Table 5 – 21 Fan Filter Phase Current – New Feeder and 5th Harmonic Filter
5h Filter at Main Bus & New Feed to Kiln Main Drive
|5 h Filter||30.8||2.4||30.9|
|7 h Filter||22.6||3.0||22.8|
|11 h Filter||59.5||76.7||97.1|
The simulations show that this solution results in the least amount of current in the 21 Fan harmonic filters.
The impedance between the Kiln Main Drive and the 21 Fan harmonic filters is increased when the Kiln Main Drive is supplied from a new dedicated feeder. The added impedance helps to decrease the harmonic current into the filters from the Kiln Main Drive. The 5th harmonic filter at the main bus limits the amount of harmonic current to the 21 Fan filters from other plant drives.
Frequency scans are performed to show system impedance as a function of frequency.
The figure shows that a parallel resonance exists between the 5th and 7th harmonic with both the 1800 kVAr and the 2400 kVAr steps on-line. Parallel resonances at characteristic harmonic frequencies (5, 7, 11, 13, etc.) should be avoided when applying power factor correction. The frequency scans also shows that a series resonance exists at the 13th harmonic when both banks are on-line.
Capacitor banks will often detune themselves during operation when a parallel resonance at a characteristic harmonic causes voltage to rise high enough to cause individual capacitor cans to fail. Capacitors will fail until the parallel resonance moves away from the characteristic harmonic. As cans fail, the parallel resonance will shift to higher frequencies in the spectrum. High harmonic current in capacitors can also cause them to fail.
Figure 21 shows how the system impedance has changed from the original compensation of 4200 kVAr to the present. The system impedance does not seem to have changed much, but plant operation and system configuration will affect the outcome of the interaction between plant loads and the system impedance.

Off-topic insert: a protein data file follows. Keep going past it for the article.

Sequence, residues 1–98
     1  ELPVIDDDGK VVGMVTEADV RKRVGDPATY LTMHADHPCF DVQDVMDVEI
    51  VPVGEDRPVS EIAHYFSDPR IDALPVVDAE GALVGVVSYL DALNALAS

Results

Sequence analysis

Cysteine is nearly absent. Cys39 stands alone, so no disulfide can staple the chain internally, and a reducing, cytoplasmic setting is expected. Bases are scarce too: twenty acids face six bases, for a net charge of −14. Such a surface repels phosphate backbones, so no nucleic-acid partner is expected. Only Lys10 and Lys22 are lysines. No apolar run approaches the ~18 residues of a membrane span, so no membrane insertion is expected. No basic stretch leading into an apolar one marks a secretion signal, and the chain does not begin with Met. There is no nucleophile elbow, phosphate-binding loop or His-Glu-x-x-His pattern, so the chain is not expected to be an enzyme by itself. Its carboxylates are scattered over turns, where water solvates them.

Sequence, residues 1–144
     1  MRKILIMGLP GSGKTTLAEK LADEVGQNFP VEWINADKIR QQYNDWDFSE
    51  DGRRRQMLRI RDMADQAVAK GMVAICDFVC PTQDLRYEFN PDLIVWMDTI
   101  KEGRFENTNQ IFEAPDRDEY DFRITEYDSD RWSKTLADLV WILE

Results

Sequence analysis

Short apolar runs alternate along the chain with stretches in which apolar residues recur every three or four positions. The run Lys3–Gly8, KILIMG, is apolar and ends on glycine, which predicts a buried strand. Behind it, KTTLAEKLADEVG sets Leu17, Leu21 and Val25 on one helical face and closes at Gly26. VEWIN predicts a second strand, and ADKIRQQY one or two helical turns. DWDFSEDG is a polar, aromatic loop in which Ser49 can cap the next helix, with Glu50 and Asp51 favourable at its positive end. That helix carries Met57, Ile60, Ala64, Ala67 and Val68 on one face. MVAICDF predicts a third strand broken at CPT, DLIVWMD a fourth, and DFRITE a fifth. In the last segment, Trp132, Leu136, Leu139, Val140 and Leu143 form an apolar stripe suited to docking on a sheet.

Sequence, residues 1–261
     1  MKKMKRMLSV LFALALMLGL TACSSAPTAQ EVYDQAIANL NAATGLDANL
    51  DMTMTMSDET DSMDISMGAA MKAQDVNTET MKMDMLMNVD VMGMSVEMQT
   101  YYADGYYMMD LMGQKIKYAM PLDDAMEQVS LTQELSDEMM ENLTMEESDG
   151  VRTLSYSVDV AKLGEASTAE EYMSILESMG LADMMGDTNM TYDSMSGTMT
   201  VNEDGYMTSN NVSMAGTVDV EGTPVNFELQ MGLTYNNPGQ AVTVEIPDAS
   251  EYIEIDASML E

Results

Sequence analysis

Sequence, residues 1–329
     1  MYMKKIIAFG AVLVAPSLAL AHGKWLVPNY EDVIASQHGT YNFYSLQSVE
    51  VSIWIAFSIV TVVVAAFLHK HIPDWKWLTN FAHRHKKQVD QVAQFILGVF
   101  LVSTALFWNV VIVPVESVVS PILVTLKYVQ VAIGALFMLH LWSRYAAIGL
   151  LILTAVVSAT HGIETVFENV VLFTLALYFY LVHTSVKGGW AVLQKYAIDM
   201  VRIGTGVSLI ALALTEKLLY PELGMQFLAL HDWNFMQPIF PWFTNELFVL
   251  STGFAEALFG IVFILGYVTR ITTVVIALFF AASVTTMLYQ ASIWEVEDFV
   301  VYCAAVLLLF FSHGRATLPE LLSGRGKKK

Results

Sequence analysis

An increase in system voltage can be the difference between a capacitor failing or not when a parallel resonance exists at a characteristic frequency. Bus voltage will increase at night, during the weekend, and when large loads are secured, like one of the mills at the plant. It is not certain what scenario caused capacitors to fail.
Figure 22 shows the results of the frequency scan with the 1500 kVAr 5th harmonic filter at the main bus. The recommended filter creates a series resonance is at the 5th harmonic. Compensation is added to the remaining capacitor bank to increase the total compensation of the bank to 2400 kVAr. 2400 kVAr of compensation places the parallel resonance near the 9th harmonic.
Harmonic filters at various harmonic loads
The harmonic filters installed at the 21 Fan were not designed for application at the cement facility. The filters appear to be designed for the control of harmonic current injected by the 12-pulse A-B drive and nothing else. It is difficult to successfully apply harmonic filters at different harmonic loads. It is even more difficult to apply filters at one of several harmonic loads.
Applying harmonic filters at the drive is theoretically appealing because it limits harmonic current to the source. There is no easy, reliable, or relatively inexpensive way to implement this option. In order to avoid overloading, the filters often have to be installed with isolating reactors to prevent the flow of harmonic currents from other loads. This increases the cost of the individual filter installations. It is apparent that the filters are absorbing harmonic current from the 600 HP Kiln Main Drive. The filters are connected very close to where the Kiln Main Drive feeder taps off of the main Kiln & Preheater Bypass feeder.
The impedance of the long feeder from the main 4160 volt bus to the 21 Fan may limit the filter harmonic current from other ac and dc drives in the plant. How much current in the filters is from other drives depends on how many steps of the capacitor bank are on-line and what plant loads are operating.
Harmonic filters are usually applied at the main bus level when there are several harmonic loads. Even if the A-B drive were the only nonlinear load at the facility, the filters should be designed for reliable operation with 1.0% to 2.0% THDV due to the utility supply.